things break or are fixed again.

    --
    Good luck.

    If you find this post helpful and are logged into the web interface,
    show your appreciation and click on the star below.

    If you want to send me a private message, please let me know in the
    forum as I do not use the web interface often.

  5. #5
    Join Date
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    Default Re: IPv6 connection problems

    Suggesting a wild guess...

    What kind of DNS are you using, one that provides both IPv4 and IPv6 name resolution?
    Maybe try pointing to a DNS that provides only IPv6 name resolution, that would force IPv6 to always be used.
    You may also want to clear your name cache (restart the daemon) when you start trying to force IPv6.

    Speculating that your IPv6 connectivity might be unused only because it's not used (That's some circular logic).

    TSU
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  6. #6

    Default Re: IPv6 connection problems

    @ab

    You write
    "For example, your IPv6 addresses look fine before/after, though there is a change."
    Which change are you referring to?

    Here are the results for a working IPv6 connection:

    Code:
    frank@pc2014:~> ip -6 route
    2a02:1206:4554:51e0::/64 dev eth0  proto kernel  metric 256  expires 86376sec mtu 1472 pref medium
    fe80::/64 dev eth0  proto kernel  metric 256  mtu 1472 pref medium
    default via fe80::e63e:d7ff:fe7a:95f6 dev eth0  proto ra  metric 1024  expires 156sec mtu 1472 hoplimit 64 pref high
    
    frank@pc2014:~> dig +short -t AAAA google.com
    2a00:1450:4002:807::200e
    frank@pc2014:~> ip route get 2a00:1450:4002:806::200e
    2a00:1450:4002:806::200e from :: via fe80::e63e:d7ff:fe7a:95f6 dev eth0  proto ra  src 2a02:1206:4554:51e0:da50:e6ff:fe3c:3f63  metric 1024  mtu 1472 hoplimit 64 pref high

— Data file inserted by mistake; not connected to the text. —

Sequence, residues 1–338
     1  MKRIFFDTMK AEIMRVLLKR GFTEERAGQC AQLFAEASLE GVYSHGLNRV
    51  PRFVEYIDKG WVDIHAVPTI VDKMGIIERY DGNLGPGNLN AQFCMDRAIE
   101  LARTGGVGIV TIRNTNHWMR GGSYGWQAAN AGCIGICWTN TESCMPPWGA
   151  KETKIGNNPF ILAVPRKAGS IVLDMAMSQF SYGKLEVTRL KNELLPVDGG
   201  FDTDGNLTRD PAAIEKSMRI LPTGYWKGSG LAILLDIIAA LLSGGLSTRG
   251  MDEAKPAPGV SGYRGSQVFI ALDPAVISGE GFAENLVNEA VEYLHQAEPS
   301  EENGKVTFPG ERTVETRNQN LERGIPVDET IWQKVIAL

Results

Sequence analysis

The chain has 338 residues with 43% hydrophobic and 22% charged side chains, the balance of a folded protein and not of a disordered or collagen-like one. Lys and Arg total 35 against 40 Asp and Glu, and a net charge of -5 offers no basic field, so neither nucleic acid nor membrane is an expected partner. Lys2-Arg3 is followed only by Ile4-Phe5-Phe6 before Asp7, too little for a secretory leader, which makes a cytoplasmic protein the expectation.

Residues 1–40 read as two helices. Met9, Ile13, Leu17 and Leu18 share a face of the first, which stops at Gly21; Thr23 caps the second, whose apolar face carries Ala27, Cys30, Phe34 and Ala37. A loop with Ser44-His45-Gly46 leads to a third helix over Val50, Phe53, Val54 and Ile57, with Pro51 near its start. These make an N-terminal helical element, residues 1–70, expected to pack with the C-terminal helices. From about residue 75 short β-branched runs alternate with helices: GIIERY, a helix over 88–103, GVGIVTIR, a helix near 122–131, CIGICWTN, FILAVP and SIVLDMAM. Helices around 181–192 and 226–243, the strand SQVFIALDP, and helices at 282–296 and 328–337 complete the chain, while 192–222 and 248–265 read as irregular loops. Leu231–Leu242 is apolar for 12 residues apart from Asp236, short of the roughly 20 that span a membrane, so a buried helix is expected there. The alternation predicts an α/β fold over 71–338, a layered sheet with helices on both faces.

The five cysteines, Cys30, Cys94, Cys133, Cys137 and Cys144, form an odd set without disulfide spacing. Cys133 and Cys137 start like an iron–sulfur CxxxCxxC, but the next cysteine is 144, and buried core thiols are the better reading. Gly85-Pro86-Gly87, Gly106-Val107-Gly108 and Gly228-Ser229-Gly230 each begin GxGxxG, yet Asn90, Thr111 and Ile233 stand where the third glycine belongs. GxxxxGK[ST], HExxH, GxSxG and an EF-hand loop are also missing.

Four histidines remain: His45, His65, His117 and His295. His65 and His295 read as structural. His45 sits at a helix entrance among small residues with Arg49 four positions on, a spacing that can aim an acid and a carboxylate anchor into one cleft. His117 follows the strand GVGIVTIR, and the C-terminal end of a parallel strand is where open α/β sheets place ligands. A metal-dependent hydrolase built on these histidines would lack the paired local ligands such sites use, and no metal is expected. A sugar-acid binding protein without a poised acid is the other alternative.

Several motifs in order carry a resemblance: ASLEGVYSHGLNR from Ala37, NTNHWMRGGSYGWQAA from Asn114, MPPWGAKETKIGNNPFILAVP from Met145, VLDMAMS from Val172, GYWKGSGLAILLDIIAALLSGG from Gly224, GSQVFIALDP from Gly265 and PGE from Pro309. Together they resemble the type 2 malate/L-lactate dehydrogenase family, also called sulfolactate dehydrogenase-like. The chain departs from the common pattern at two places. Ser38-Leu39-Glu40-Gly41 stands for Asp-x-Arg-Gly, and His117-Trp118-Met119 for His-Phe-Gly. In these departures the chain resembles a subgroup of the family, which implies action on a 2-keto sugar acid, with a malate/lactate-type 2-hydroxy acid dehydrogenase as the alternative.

And here for a broken connection:

    Code:
    frank@pc2014:~> ip -6 route
    2a02:1206:4554:51e0::/64 dev eth0  proto kernel  metric 256  expires 86392sec mtu 1472 pref medium
    fe80::/64 dev eth0  proto kernel  metric 256  mtu 1472 pref medium
    default via fe80::e63e:d7ff:fe7a:95f6 dev eth0  proto ra  metric 1024  expires 172sec mtu 1472 hoplimit 64 pref high
    
    frank@pc2014:~> dig +short -t AAAA google.com
    2a00:1450:4002:806::200e
    frank@pc2014:~> ip route get 2a00:1450:4002:806::200e
    2a00:1450:4002:806::200e from :: via fe80::e63e:d7ff:fe7a:95f6 dev eth0  proto ra  src 2a02:1206:4554:51e0:da50:e6ff:fe3c:3f63  metric 1024  mtu 1472 hoplimit 64 pref high


    I do not have any SSH connections.

    Here is an interesting observation.
    Despite working IPv6 and ipv4 connections, for some time neither ping nor ping6 would work for destinations outside my home net.
    A few minutes later both suddenly worked well.
    I have not changed anything.

    When the IPv6 failed, ping6 would stop working. ping continues to run well.


    And even more interesting:
    After a few minutes IPv6 would work again without any intervention.
    I do not know if I just waited longer than all the other times when IPv6 failed (this time I got distracted and did something else).



    @tsu2
    I use the DNS server automatically assigned by my provider.